(NOTE: I've included the excerpts of Eric's liner notes for each track as they tell a story)
1. N2U (feat. Marsha Ambrosius) - "If you've been to my show you know I like to freestyle. Well this song we sang completely off the head. One take each... No protocols, auto tune, etc... Marsha is my heart man. We did this the same night as 'She Ought To Know'. She heard it and the rest is history."
2. What I Gotta Do? - "Kev [Brown] and I are building an amazing musical partnership. Not only is he one of the craziest visionaries behind the MP, but the most humble cat you'll ever meet."
5. Just A Dream - "I wrote this song in college one lonely Saturday night sitting with my guitar. Years later when Larry Gold asked me to be on his album I dusted this baby off and gave it to him. One of my greatest musical memories was walking into the studio and hearing Larry's 18 piece orchestra playing to my song."
6. Softest Lips - "This song was one of the million we recorded during my years recording and developing myself at A Touch of Jazz Studios. Out of all the producers there at that time I bonded musically with Vidal the most."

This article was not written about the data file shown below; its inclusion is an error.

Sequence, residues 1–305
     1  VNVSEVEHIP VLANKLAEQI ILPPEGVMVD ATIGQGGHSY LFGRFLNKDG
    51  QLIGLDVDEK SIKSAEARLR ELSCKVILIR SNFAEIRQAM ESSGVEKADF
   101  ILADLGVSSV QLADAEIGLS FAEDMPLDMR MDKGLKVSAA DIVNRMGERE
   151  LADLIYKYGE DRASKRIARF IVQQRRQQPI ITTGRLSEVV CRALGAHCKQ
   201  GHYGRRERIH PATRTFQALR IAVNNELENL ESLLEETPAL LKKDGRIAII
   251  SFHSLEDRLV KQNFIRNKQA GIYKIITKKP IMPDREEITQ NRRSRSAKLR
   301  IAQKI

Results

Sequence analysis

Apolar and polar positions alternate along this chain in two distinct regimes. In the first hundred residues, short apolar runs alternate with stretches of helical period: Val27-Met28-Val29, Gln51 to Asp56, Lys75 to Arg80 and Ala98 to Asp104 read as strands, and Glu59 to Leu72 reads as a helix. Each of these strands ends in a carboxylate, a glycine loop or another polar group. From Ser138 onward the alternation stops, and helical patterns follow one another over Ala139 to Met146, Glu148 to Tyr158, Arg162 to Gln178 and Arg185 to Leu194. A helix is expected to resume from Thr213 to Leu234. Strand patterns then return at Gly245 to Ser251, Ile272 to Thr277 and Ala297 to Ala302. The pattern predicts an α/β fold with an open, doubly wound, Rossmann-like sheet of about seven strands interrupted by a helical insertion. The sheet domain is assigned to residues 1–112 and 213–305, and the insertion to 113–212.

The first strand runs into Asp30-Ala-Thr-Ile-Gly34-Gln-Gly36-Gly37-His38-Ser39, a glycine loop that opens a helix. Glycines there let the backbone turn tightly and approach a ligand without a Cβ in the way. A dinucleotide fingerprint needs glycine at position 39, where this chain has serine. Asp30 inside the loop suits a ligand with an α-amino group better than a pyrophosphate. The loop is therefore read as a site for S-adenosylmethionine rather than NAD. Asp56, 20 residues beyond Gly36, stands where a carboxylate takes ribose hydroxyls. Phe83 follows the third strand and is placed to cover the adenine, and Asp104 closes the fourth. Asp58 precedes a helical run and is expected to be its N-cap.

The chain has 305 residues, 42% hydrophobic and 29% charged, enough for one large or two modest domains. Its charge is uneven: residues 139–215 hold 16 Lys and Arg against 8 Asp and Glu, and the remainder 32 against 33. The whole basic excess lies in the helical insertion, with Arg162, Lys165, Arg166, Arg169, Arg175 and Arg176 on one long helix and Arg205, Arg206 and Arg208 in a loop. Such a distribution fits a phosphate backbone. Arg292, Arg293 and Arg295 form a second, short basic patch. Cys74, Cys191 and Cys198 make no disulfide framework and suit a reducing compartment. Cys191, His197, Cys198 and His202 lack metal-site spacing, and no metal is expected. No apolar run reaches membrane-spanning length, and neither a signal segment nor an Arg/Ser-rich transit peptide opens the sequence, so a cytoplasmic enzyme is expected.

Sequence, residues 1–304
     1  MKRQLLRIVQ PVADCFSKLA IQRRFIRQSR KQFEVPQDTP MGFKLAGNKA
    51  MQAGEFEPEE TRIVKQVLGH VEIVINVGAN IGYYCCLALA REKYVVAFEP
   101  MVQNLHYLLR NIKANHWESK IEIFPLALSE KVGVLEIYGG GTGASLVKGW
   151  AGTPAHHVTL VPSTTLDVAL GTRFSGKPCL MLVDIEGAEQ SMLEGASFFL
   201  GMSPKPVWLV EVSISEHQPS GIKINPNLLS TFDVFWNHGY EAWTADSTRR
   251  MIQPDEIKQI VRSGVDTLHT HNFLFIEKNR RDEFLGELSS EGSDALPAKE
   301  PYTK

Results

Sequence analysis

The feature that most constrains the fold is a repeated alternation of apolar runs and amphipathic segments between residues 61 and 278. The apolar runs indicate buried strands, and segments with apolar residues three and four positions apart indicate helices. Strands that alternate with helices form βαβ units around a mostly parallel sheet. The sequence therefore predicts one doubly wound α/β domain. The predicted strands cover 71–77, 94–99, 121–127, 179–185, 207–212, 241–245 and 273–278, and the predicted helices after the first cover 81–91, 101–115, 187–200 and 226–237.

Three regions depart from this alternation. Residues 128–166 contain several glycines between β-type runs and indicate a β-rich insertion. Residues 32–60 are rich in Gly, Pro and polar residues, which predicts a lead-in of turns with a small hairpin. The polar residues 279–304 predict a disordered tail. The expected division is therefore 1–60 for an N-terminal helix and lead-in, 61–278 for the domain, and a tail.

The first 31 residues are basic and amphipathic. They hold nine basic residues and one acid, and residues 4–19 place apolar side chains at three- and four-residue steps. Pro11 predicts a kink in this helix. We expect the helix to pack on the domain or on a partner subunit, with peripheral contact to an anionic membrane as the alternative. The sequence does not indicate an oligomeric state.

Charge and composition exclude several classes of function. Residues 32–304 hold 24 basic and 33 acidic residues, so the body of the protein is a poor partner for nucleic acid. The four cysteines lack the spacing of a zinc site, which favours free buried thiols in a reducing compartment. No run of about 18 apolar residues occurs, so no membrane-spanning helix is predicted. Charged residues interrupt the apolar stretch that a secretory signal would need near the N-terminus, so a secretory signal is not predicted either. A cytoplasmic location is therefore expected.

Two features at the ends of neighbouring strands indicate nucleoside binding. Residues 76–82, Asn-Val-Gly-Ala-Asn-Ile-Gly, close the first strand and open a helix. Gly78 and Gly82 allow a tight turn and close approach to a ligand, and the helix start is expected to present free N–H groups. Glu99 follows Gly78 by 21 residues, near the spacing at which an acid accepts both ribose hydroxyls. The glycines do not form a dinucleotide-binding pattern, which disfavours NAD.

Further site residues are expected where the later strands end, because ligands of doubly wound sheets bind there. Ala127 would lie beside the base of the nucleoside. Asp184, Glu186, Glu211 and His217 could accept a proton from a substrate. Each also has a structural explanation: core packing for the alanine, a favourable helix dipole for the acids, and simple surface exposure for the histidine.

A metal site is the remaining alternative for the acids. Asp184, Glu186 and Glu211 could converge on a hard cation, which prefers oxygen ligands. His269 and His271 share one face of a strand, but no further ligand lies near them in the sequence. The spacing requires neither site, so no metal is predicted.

8. The Moon - "I did this song when I was a sophomore at Howard University & an artist on Warner Brothers back in 93-94. I left school, shot a video, went on tour, moved to a big apartment, and thought I was a star... Well I also went broke, lost my deal, humbled myself, went back to school and GRADUATED, and became a much better preson than I thought I was then."
9. We Can't Pretend - "Another key joint that I wrote with my boy Pete. That's right a co-write with someone... I do that sometimes. Yo Pete has developed into a great writer and dope artist so keep a look out for Peter Hadar."
10. For Da Love Of Da Game (feat. Raheem DeVaughn and V) - "This song means so much to me because it involves two of my favorite singers & writers. V, who inspired me to follow the music in my heart and Raheem, who reminds me of me when I was younger."

Buy it!
I highly recommend buying "The Appetizer" from,, or directly from Eric's website (

Neo Soul Today Album Rating
4 out of 5 stars

Monday, October 31, 2005

The "Neo Soul" Debate: Enough is Enough; Let's Just Move On

By Sean
Editor-in-Chief, Neo Soul Today

Enough is enough.

I don't disagree that the term "neo soul" was created by a marketing executive (Kedar Massenburg). So what. As a listener, I understand both sides' point. Nevertheless, I don't see what the big deal is. Since launching Neo Soul Today, I have realized three truths:

1. That the term "neo soul" (as controversial as it may be) has stuck
That this music (today's soul) is truly different than anything else that's out there (in sound and substance)
That the split over the term "neo soul" will never go away and that both sides have a valid point. Quoted from Wikipedia: